submitted by /u/p0inky
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Reddit: Reliable Source for Most-Popular Distros?

Sunday 2nd of July 2017 02:39:56 AM

most people direct me to distrowatch's top-100 page but that's just based on hits.

is there any way to see reliably how popular each one is?

submitted by /u/Wholesome_Linux
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LXer: Kubernetes 1.7 released

Sunday 2nd of July 2017 02:28:50 AM
The leading cloud container-orchestration program adds new features to its appeal.

Phoronix: Steam Linux Usage Saw A Notable Decline For June 2017

Sunday 2nd of July 2017 12:47:51 AM
Valve's monthly Steam Survey metrics show a relatively large decline in the Linux market-share for the past month...

LXer: Six Things to Do to Secure Your Linux System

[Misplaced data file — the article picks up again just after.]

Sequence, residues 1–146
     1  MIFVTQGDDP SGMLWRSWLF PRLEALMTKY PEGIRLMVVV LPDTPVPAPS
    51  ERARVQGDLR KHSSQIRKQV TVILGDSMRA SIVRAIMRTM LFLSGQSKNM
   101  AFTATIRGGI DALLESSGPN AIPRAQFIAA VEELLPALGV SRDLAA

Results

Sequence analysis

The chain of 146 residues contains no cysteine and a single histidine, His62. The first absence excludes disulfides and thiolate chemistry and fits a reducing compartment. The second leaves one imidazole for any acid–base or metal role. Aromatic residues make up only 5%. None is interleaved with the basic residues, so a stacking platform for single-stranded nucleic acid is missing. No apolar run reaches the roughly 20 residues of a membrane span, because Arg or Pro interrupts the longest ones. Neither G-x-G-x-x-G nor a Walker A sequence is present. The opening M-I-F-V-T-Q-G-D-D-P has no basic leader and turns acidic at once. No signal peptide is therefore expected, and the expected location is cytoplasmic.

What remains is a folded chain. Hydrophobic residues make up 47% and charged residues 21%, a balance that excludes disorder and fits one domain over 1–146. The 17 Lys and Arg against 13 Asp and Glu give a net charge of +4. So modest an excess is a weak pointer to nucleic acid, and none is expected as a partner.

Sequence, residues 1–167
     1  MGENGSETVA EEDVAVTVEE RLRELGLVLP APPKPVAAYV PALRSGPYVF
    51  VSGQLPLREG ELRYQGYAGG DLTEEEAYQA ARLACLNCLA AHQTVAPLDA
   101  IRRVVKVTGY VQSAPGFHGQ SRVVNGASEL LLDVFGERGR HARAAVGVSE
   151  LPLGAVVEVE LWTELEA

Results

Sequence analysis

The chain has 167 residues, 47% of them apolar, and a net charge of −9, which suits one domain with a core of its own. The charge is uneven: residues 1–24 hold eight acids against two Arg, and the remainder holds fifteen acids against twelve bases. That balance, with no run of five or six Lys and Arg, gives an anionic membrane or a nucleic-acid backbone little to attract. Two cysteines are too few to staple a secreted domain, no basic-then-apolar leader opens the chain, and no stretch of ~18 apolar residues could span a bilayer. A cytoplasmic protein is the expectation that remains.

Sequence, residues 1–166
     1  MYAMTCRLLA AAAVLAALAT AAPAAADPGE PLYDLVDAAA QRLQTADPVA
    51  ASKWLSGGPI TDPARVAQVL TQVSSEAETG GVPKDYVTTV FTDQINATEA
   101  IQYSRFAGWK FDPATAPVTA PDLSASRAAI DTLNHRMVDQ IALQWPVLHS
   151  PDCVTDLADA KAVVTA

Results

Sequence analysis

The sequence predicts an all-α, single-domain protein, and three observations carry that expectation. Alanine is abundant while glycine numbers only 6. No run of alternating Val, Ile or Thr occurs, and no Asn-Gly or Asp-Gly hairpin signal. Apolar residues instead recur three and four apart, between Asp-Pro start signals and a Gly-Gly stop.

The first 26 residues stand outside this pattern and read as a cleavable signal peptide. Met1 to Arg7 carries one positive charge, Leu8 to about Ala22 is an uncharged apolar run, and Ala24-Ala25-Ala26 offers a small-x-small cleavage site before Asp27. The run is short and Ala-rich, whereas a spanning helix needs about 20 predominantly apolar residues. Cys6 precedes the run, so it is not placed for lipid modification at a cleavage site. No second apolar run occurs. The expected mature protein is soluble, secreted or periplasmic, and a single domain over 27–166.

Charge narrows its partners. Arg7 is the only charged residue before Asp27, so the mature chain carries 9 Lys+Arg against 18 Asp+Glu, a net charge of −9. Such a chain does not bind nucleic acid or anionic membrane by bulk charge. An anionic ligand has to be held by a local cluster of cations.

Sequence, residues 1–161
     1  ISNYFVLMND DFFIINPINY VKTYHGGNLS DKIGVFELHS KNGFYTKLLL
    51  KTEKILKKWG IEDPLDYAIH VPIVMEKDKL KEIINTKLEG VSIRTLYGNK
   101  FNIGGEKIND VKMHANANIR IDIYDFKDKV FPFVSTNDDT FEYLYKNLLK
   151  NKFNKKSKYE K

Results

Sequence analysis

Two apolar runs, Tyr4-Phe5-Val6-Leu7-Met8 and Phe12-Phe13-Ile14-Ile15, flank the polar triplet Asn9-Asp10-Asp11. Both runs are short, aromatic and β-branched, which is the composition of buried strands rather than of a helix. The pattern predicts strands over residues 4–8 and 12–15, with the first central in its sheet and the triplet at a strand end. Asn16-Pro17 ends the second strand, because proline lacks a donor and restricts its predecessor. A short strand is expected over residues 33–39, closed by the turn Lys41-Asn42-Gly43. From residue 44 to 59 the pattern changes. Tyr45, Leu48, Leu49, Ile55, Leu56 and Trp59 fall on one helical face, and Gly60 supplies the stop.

Sunday 2nd of July 2017 12:34:28 AM
Because Petya only chased after Windows, in typical but understandable knee-jerk fashion, the media has been full of stories on how to secure Windows servers and workstations, not only against Petya but best security practices to protect against the next, as yet unknown, threat. Linux admins, meanwhile, are most likely breathing a sigh of relief and made content by the fact they're using the invincible other operating system.

Reddit: The minds of Linux users.

Sunday 2nd of July 2017 12:14:52 AM

I'm so proud to be a Linux user I just thought I'd share some of the lovely feelings the Linux user community has given me.

  • The thing I like is the best. Only a fool would like anything else.
  • Competition is bad. No one should be allowed to choose anything but the things I like.
  • There must not be any alternatives to the thing I like. They must all be eliminated so we all will have the best thing (that I like).